The importance of the ‘local’ call

Through the lens, lightly



by

Sushmita Bose

Published: Thu 19 Jan 2023, 7:40 PM

A US-based friend of mine who is visiting India after a three-year Covid-induced hiatus has been going crazy posting photos on Facebook. Shopping expeditions, feasting trails, family reunions, friends’ get-togethers and even museum visits have all been turned into photo albums, gaining a lot of traction on her page. So, a couple of days ago, she posted 11 photos of her outing to the Indian Museum in Calcutta, along with comments on how she was visiting it for the first time since she was in school — more than three decades ago.

And then, on the same thread, somebody — a Facebook friend of hers — asked her how long she’s in town for, and if it’s possible to meet. To this, my friend responded she only has a few days left for her trip to get over, too little time, too many things to do, so it probably won’t be possible to meet.

“Send me a local number,” her friend wrote. “Let’s at least talk.”

“Sure,” my friend offered, “check your inbox.”

Now, this is something that’s mystified me. When you are in town and you are not able to meet certain people, why do you need to call from a local number? Because, these days, you can call from anywhere, anytime, most times free of cost… telephoning boundaries have well and truly been busted. It’s not like in the (earlier) non-tech age when most wouldn’t want to pay for trunk calls or ISD calls, unless it was frightfully important. Just pick up the phone and dial in a WhatsApp call… or a FaceTime one… or a Messenger one… every damn thing has a ‘free’ calling facility. Why this big deal about speaking to someone on the phone just because you are in the same city?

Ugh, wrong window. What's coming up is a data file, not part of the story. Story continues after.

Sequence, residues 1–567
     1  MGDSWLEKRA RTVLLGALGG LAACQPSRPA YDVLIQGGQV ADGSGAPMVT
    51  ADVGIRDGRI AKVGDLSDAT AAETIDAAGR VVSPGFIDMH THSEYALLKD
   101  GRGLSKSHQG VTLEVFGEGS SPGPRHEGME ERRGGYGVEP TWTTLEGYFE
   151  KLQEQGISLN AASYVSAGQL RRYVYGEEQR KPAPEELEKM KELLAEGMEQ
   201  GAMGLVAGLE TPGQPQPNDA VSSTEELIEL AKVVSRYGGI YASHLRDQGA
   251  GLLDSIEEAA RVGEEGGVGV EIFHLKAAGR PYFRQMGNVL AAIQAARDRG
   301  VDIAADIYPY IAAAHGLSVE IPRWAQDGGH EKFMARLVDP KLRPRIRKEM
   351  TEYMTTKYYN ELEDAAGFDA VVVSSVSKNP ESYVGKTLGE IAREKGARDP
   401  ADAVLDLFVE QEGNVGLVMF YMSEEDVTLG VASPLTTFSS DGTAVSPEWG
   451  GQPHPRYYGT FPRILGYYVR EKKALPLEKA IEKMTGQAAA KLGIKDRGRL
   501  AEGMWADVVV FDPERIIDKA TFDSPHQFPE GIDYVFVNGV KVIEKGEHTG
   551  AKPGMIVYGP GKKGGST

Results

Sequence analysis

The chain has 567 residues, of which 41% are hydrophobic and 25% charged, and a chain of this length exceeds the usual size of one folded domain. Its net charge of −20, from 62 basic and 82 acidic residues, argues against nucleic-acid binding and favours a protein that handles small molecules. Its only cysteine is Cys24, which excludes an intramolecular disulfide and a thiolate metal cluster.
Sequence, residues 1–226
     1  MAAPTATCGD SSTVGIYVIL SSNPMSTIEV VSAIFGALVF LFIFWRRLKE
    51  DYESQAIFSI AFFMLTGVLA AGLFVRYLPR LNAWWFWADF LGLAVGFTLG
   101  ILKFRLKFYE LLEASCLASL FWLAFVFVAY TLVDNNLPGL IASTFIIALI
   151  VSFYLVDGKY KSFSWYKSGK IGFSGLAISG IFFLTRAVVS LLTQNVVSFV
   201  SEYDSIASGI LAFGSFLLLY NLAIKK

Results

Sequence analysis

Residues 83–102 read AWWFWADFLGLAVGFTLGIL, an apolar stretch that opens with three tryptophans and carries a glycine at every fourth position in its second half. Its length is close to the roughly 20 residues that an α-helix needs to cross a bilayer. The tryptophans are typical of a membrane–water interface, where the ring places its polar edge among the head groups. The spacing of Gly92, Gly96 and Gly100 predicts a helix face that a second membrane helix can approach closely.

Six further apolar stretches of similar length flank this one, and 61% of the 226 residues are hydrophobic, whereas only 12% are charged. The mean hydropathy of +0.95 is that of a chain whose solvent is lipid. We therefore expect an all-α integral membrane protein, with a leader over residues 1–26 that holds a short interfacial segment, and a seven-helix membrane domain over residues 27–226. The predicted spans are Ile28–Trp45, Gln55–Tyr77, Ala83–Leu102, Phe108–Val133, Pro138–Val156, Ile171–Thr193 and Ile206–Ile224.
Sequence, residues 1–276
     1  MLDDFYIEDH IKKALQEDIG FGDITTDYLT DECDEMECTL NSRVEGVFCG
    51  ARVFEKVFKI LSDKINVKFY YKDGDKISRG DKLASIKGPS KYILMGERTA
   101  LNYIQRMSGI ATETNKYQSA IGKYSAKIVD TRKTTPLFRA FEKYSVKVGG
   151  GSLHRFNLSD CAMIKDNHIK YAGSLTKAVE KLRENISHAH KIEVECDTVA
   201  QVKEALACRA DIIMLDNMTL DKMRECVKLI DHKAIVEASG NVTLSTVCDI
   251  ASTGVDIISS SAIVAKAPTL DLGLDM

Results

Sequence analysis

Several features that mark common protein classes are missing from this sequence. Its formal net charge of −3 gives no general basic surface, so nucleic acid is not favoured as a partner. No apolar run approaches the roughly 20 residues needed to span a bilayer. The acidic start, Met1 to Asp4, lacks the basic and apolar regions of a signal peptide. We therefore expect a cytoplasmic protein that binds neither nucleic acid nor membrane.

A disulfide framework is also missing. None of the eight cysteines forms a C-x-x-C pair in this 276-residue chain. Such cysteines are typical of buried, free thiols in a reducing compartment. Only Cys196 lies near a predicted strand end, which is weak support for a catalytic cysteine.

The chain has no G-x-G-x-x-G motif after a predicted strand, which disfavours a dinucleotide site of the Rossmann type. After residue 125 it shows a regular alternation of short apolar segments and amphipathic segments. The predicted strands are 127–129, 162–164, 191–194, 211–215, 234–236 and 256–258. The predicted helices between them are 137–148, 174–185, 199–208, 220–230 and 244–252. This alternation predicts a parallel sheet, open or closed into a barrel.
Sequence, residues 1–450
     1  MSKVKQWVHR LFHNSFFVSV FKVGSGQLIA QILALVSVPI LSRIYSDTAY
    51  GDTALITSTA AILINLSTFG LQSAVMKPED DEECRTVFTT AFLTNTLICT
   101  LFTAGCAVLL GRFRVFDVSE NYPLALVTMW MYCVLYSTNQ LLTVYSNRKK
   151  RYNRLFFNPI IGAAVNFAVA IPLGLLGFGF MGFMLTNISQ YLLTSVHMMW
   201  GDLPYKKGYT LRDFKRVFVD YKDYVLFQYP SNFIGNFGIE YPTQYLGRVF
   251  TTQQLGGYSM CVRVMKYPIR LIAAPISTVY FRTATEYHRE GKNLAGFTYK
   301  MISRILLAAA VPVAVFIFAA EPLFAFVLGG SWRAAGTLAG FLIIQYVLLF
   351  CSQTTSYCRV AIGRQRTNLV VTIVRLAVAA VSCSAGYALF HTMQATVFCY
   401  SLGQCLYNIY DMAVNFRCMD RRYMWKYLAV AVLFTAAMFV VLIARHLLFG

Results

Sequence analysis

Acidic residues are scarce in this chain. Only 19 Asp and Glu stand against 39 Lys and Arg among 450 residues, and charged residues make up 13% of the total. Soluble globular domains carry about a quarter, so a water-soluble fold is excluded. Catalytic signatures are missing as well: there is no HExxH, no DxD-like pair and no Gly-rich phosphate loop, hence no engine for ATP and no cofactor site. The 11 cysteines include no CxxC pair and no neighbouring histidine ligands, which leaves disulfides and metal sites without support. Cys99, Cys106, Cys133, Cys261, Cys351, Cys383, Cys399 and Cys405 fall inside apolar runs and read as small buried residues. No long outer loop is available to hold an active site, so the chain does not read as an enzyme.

My mother insisted I do it too, whenever I visited Calcutta — from Dubai, or, before that, from Delhi. A template had been set and would be repeated every time. No sooner had I unpacked, and handed out gifts to expectant family members, she sidled up to me with a piece of paper and said, “Don’t get angry, but here’s a list of names [and numbers] you need to speak with; they all know you will be in town on a very short trip and won’t be able to meet them in person, but they are expecting a call from you… And use the landline, landline to landline is way cheaper…”

“Listen, if it means so much for you that I call these people occasionally, I’ll do it — regularly — from outstation,” I started to say.

“No way,” her voice went all shrill. “It’s not the same thing, don’t you see? You are here, in the same city, it makes a world of difference.”

“HOW? It’s not that I am sitting face to face with them across a table!”

“Ufffff, just stop arguing, and work the phone, I insist.”

“Like right now?” I sputtered.

“No, no,” she hastened to add, “freshen up, have something to eat and then get down to it.”

sushmita@khaleejtimes.com


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